With 56 percent, the heating sector makes up over half of Germany's energy use. This includes space heating, warm water and process heating. Natural gas and crude oil are currently the chief means of heat generation in Germany. The federal government’s goal is to increase the proportion of renewable energy in final energy consumption for heating and cooling from 9 per cent to 14 per cent by 2020. The long-term goal is to increase this share by considerably more than 14 per cent. Therefore, next to the restructuring of the electricity sector, reorganising the heating sector towards greater energy efficiency and more renewable energy will be crucial for the success of Germany’s energy transition.
The research project LowExTra is studying and developing a new generation intelligent multiwire heating grid. Its goal is to expand the current district heating system with its traditional flow and return lines in such a way that allows decentralised producers of heat to feed heat into the system for storage. So-called LowExTra networks are operated with differing temperature levels so that heat from renewable energies can be captured. A producer of heat for a building or a household is thus simultaneously also a consumer (prosumer). The supply network developed in the research project is therefore completely flexible with respect to the harvesting and delivery of heat, and serves as a heat reservoir as well. In integrating the widest range of energy sources, as well as waste heat, the heating grid thereby increases its energy efficiency. The overarching goal of the project is to research the feasibility of this sort of multiwire heating grid from a technical, economic, political and participatory perspective.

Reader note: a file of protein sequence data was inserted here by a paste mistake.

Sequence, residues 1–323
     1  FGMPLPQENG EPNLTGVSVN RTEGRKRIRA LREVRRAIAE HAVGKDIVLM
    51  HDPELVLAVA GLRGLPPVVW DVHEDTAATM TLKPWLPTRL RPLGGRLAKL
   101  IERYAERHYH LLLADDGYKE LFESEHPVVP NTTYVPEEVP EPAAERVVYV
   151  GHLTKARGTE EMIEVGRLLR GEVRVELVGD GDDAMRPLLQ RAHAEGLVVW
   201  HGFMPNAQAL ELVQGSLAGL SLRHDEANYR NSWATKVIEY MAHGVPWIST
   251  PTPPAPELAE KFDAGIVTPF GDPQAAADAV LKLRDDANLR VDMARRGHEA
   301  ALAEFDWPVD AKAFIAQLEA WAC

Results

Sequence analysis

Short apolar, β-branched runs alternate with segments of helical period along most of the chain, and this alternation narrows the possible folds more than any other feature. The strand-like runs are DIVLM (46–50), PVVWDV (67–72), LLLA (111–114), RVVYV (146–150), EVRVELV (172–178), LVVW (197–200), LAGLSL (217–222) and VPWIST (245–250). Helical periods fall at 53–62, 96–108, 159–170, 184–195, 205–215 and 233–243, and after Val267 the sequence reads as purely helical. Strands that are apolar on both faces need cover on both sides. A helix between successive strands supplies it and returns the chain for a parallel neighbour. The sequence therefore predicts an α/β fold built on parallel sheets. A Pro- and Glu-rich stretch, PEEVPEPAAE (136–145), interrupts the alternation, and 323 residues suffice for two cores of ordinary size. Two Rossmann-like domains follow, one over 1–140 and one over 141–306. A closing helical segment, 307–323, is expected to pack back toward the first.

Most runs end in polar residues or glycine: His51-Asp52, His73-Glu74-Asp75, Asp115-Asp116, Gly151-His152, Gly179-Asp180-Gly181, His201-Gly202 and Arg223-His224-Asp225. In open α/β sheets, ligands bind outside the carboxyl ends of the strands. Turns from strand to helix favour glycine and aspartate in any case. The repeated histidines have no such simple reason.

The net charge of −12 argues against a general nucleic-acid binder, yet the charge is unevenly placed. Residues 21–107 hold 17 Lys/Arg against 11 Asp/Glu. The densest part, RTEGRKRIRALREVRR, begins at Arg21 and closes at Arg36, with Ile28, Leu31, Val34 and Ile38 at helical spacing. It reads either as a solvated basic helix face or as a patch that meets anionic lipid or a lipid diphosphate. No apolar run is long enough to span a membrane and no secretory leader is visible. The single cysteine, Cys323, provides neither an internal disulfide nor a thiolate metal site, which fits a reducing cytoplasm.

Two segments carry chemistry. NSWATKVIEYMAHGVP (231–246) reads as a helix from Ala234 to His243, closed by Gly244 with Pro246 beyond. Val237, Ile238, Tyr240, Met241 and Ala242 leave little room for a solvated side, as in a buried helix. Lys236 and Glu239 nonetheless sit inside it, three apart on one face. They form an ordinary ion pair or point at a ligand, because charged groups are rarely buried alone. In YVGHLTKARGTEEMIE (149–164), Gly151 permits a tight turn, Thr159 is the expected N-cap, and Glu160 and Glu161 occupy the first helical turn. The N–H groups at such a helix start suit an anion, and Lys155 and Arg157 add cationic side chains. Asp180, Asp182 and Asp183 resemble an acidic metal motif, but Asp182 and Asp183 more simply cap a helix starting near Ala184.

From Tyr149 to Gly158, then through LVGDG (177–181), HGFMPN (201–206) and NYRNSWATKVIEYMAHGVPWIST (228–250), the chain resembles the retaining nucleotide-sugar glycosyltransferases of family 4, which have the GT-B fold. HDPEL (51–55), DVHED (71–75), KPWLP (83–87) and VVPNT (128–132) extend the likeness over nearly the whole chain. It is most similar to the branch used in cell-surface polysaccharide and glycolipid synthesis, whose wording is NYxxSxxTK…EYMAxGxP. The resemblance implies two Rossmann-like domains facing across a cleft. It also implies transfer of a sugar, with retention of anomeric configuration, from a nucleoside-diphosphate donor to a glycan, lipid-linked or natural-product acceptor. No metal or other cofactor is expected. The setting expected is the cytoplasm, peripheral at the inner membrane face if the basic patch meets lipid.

adelphi focuses on all aspects of a comprehensive policy analysis. In order to this goal, a review of the current political and legal frameworks and funding options is being conducted. In a second step, adelphi will develop a structured presentation of the current landscape, including actors, regulations and sources of funding. Following from this, recommendations for action will be developed as a third step.
This three-year research project is sponsored by the Federal Ministry for Economic Affairs and Energy (BMWi), as part of the sixth energy research program of the funding initiative "EnEff: Wärme – Research for energy-efficient heating and cooling networks". The project partners include the Hermann Rietschel Institute at TU Berlin (technical module), the Institute for Ecological Economy Research (economic module), and the nexus Institute for Cooperation Management and Interdisciplinary Research (participatory module).